He was fired after his involvement in the university's child abuse scandal
On November 5 the investigation into the allegations against Sandusky became public. One day later, Penn State Athletic Director Tim Curley vacated his post. Paterno, coming under increasing criticism about what he did or did not know regarding Sandusky, released a statement on November 9 announcing his retirement at the end of the 2011 season. “This is a tragedy. It is one of the great sorrows of my life. With the benefit of hindsight, I wish I had done more,” the statement read.
His bid to control his exit from the school he so loved was short-lived. Hours after the release of his statement the Penn State Board of Trustees announced that it had fired both the school president, Graham Spanier, and Paterno. The key player in Penn State’s now-legendary football program was out.
To show support for their adored Joe Pa, thousands of students congregated outside the school’s administration building the night of his firing. Frustrated, the throng moved to downtown State College, PA chanting the former coach’s name, dismantling light posts and overturning a television news van. “I am disappointed with the Board of Trustee’s decision, but I have to accept it,” Paterno said in a statement following the announcement of his ousting.
Exactly how aware was Paterno of Sandusky’s activities? In an interview with the Sydney Morning Herald, Paterno director Levinson says that uncertainty is what underscores the biopic.
“I think we show all of the aspects of it, and I think that that's what makes it compelling because, on one hand, you say, ‘Well, look, he knew about that,’ and on another, you say, ‘Well, maybe he didn't know about that’.” According to an FBI investigation, Paterno had concealed information about the abuse committed by his assistant coach.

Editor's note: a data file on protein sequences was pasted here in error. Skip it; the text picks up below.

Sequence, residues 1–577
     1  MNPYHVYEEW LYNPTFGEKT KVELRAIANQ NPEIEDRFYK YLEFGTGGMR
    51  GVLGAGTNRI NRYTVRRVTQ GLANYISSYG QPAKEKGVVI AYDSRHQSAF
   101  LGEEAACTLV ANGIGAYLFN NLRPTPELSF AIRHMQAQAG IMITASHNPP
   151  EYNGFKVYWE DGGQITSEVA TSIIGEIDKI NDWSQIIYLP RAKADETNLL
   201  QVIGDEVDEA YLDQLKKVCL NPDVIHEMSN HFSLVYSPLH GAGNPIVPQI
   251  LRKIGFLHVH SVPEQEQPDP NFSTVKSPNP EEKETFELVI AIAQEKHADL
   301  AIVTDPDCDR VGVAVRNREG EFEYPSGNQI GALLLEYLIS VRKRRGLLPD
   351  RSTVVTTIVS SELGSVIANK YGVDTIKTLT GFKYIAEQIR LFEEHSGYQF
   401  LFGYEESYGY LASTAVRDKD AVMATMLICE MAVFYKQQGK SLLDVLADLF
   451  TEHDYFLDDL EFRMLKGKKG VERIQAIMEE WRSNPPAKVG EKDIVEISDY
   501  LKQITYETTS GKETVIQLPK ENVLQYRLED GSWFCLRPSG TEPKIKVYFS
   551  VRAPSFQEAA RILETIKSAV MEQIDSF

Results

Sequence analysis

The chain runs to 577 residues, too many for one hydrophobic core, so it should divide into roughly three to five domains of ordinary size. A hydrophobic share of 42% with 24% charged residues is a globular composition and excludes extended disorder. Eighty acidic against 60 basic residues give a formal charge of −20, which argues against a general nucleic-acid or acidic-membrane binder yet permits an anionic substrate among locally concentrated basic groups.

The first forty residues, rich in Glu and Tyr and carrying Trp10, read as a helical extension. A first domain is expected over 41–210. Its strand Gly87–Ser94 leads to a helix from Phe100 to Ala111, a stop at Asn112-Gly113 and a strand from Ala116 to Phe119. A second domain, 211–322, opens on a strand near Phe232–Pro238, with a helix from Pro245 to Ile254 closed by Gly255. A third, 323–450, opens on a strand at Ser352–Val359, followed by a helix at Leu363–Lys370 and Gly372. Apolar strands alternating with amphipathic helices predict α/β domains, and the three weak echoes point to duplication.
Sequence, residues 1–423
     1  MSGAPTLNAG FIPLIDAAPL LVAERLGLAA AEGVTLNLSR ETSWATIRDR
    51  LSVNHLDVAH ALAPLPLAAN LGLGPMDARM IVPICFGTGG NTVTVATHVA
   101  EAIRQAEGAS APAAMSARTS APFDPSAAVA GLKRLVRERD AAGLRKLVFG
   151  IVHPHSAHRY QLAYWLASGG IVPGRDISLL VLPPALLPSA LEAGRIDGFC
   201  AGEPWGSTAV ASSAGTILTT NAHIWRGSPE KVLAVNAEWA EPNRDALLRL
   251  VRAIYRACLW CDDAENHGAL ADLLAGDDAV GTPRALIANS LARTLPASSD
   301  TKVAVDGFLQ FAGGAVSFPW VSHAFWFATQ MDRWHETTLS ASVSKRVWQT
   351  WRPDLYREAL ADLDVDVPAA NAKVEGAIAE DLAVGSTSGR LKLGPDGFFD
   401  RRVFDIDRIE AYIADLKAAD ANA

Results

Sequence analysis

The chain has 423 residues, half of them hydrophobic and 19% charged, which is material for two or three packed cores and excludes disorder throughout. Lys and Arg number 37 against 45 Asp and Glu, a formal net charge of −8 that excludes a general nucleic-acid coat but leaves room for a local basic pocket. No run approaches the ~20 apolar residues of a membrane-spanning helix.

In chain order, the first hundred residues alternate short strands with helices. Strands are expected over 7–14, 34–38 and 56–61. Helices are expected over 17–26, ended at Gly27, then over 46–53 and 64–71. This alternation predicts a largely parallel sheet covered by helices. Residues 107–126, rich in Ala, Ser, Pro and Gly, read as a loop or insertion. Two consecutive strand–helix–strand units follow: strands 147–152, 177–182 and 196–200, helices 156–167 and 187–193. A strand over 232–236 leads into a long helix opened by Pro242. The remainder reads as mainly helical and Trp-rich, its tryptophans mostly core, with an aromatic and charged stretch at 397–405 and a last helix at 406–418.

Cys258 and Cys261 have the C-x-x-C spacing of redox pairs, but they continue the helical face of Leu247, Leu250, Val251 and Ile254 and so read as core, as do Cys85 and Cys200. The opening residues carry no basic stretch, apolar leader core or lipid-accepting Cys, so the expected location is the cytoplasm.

Paterno died 74 days after he left the football program
Whether his legacy could have been recast over time remains unknown. After leaving Penn State, Paterno began suffering from health problems and was diagnosed with lung cancer in late 2011. His spectacular fall from grace would skew the many obituaries written about him when, on January 22, 2012, Paterno succumbed to his illness and died at age 85.
In October 2012, Sandusky was sentenced to serve 30 to 60 years in prison for his crimes. The day before his sentencing hearing, Sandusky continued to insist on his innocence in the case.
In the hours following the announcement of his firing on November 9, 2011, Paterno emerged from his home, accompanied by his wife, to face a crowd of shocked students and reporters. “I want to say hello to all these great students who I love. Hey, you guys are great. All of ya. When I say guys, you know what I mean: You know I mean girls, too,” Paterno said when asked why he had decided to address the crowd.
“I’m out of it, maybe. A phone call put me out of it. We’ll go from there. Thanks, thanks for coming,” he continued before he and his wife moved to go back inside.
Paterno turned back a final time. “Hey, one thing,” he added. “Pray a little bit for those victims.”